Is there a better time of year than fall? Some would say the first snowfall is their favorite; and while there is something romantic about the first snowfall, it just isn’t as renewing as a bright, brisk fall day. I love every season, but fall is my favorite. I love watching the first sign of flurries but am always sad to see the beautiful leaves hidden by a blanket of snow.
After a hot summer, I welcome the relief of humidity and find comfort again during outdoor runs that seemed harder just weeks prior. For me, there is that urge to train more often because snow impedes outdoor running and cycling.
As a mom and a nurse, fall reminds me of the illnesses associated with the upcoming months. RSV, parainfluenza, influenza, croup…it’s coming. I’m starting to see youngsters affected by respiratory illnesses at work. It’s a reminder that we all need to do a better job at preventing the spread of respiratory illnesses by washing hands, covering coughs, staying home when feeling ill, and vaccinating if possible.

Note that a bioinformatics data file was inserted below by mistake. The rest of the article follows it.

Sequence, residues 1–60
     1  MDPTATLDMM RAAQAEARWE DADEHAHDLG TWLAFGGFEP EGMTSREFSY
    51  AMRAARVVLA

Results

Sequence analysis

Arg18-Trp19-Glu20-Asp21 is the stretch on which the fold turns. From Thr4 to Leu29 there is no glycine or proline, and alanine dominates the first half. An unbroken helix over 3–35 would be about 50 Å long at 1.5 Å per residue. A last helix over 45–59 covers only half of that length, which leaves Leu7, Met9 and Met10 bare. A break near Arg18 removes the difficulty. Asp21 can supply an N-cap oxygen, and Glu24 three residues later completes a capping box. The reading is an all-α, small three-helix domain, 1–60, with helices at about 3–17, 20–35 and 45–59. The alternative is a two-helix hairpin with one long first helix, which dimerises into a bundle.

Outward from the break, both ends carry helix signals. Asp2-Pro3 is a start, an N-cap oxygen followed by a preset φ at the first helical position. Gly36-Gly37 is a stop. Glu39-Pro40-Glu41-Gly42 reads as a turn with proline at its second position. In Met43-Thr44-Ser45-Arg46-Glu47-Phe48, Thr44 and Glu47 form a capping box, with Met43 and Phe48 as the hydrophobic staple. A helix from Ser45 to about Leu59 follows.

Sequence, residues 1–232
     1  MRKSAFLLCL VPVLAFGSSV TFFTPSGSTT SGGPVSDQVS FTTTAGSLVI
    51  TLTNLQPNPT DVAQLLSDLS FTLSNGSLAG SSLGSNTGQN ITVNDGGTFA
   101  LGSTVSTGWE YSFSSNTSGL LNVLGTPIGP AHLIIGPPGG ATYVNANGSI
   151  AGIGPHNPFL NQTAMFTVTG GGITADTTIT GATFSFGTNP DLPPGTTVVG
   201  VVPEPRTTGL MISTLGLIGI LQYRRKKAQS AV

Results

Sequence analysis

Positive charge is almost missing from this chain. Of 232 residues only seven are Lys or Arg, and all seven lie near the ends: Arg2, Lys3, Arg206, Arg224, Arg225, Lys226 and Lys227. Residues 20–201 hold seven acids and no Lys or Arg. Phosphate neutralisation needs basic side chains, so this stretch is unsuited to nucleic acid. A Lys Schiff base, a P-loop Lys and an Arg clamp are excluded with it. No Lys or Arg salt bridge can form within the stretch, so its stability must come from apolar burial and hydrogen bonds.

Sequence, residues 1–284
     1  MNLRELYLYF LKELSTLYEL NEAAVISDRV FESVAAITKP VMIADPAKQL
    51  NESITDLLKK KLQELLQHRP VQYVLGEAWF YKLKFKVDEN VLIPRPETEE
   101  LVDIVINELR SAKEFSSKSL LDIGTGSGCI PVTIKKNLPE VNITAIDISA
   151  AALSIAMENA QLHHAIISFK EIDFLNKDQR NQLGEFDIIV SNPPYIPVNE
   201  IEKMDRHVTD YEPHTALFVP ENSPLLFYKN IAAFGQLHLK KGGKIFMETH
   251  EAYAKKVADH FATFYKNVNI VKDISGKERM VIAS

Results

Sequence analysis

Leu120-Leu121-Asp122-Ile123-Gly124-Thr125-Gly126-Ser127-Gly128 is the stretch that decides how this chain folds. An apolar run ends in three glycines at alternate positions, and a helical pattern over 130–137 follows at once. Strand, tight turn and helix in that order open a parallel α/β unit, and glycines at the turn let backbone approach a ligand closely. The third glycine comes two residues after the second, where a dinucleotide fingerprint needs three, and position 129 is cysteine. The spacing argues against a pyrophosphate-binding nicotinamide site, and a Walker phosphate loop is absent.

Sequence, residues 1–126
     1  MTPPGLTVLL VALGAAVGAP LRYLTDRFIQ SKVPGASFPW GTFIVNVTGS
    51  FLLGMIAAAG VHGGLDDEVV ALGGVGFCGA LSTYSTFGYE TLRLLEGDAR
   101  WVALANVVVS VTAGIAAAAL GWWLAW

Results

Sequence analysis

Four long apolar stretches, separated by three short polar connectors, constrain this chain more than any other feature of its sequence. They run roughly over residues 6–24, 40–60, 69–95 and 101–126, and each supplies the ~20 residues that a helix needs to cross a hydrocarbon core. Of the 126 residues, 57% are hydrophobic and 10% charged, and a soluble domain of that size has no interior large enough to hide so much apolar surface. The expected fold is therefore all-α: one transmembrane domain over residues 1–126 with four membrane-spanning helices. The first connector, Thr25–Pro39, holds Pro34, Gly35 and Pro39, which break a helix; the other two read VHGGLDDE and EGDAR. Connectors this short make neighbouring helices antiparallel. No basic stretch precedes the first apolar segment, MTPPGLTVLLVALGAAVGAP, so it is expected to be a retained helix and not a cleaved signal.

Here’s the thing: For our most vulnerable population, less kisses! No kisses to the hands, or face during flu season. Doesn’t that make sense?! It’s so hard to old back a kiss when you’re grandma or grandpa or adoring Aunties. Everyone loves to kiss babies and toddlers. It’s a trap! Keep your precious loved ones safe and kiss them in the spring.
Remember, you’re contagious and spreading some viruses before you realize you have one!
It has been ten weeks since we started Baricitinib and we had another follow-up appointment at CHOP this week. We started the day with lab work, then met with the neurologist to review his labs and discuss how Will has been doing since our last visit.
Since Will started Baricitinib we have noticed the following changes:
*He can hold his head up longer than he could before starting the drug.
*His trunk strength has improved, and he can maintain an upright posture when straddling our legs for longer periods of time.
*He has become more vocal: think tiny dinosaur…he is not babbling yet, maybe someday. The neurologist says that vocalizing is the precursor to babbling. We all wonder what his voice would sound like.